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Ramos v. Hoist

Decided: May 12, 1992.


On appeal from the Superior Court of New Jersey, Law Division, Middlesex County.

Dreier, Gruccio and Brochin. The opinion of the court was delivered by Dreier, J.A.D.



Plaintiff appeals by leave granted from an interlocutory order determining that defendant Foremost Electro-Service Co. was neither a manufacturer nor seller within the meaning of the 1987 Product Liability Act, N.J.S.A. 2A:58C-1 et seq., and that plaintiff's claim against Foremost could only be founded on

the theory of negligence to which a defense of comparative negligence would be applicable. The matter had been partially tried before a different Judge who determined to bar the comparative negligence defense. That trial ended in a mistrial. We here explore (1) the meaning of the terms "manufacturer or seller" as used in N.J.S.A. 2A:58C-2, and (2) the limited application of comparative negligence in a workplace injury setting.

I -- The Facts

Plaintiff Carlos Ramos, then 20 years old, was injured on September 10, 1986 while attempting to tie a line from a docking tanker to a capstan at the Linden terminal dock owned by his employer, Citgo Petroleum Corporation. The capstan was installed in 1974 by defendant Silent Hoist & Crane Co., which along with the owners of the tanker, have settled with plaintiff, leaving Foremost as the sole defendant. The capstan was installed by Silent Hoist and was equipped with an electric motor so that it could rotate after a line was secured to one of its horizontal posts.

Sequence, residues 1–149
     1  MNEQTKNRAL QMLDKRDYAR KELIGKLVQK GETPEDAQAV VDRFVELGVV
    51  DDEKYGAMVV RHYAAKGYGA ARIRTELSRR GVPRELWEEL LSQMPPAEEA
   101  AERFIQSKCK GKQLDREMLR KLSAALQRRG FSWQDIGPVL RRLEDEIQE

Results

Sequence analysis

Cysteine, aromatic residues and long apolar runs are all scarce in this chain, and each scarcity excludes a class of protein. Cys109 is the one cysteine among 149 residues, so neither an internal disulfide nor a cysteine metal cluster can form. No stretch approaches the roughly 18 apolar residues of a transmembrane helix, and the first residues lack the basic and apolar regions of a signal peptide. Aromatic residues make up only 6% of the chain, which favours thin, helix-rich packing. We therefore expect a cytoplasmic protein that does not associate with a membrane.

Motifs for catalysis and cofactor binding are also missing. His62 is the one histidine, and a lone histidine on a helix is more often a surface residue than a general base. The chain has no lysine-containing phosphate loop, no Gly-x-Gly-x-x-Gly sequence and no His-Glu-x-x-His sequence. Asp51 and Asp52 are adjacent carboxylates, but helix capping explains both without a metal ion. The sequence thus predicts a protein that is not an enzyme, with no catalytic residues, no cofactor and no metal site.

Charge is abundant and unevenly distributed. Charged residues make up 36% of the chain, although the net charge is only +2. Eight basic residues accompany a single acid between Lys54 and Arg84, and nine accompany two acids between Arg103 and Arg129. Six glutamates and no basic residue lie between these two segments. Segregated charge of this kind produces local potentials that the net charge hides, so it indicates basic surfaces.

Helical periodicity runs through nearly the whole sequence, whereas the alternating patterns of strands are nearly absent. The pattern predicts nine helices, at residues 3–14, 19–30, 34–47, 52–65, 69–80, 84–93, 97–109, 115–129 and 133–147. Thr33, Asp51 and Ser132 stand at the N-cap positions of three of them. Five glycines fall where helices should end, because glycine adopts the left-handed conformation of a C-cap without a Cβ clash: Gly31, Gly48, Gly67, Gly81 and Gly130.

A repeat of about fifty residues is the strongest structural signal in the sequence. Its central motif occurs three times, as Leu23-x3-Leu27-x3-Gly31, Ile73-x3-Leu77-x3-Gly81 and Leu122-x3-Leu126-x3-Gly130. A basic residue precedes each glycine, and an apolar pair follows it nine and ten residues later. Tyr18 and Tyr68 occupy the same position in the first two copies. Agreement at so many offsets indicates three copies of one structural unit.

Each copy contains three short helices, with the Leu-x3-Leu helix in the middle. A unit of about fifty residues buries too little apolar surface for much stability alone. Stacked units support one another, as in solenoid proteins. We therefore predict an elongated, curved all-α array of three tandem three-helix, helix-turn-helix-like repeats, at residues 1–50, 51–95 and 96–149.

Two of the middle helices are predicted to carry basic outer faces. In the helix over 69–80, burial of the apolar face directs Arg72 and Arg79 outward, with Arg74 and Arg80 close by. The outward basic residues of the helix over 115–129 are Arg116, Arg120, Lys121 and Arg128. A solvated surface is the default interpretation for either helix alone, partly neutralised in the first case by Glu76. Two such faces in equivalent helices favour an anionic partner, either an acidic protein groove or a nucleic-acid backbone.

Citgo's predecessor, Cities Service Oil Co., determined not to have Silent Hoist provide the electricity to the capstan, but rather to have Foremost, an electrical contracting company which Cities Service maintained on retainer, run the electric line to the capstan and provide the controls. Foremost was under an annual contract "to supply labor, material and equipment to provide inspection, repairs, maintenance and wiring on all electric equipment as requested by Cities Service Oil Company, Linden, New Jersey Terminal." The invoice from Foremost to Cities Service dated August 30, 1975 shows that from August 7 to August 20 Foremost had installed the conduit for new winches at the dock, mounted the "motor, starter and stop-start station" for the winch and made all connections, both for the winch that caused plaintiff's injuries and a second winch at the north end of the dock. There is no dispute that Foremost chose the location of the switch and to this extent designed the

electrical system connecting the motorized winch to a power source.*fn1 The total charge for labor and material was $1,870.46.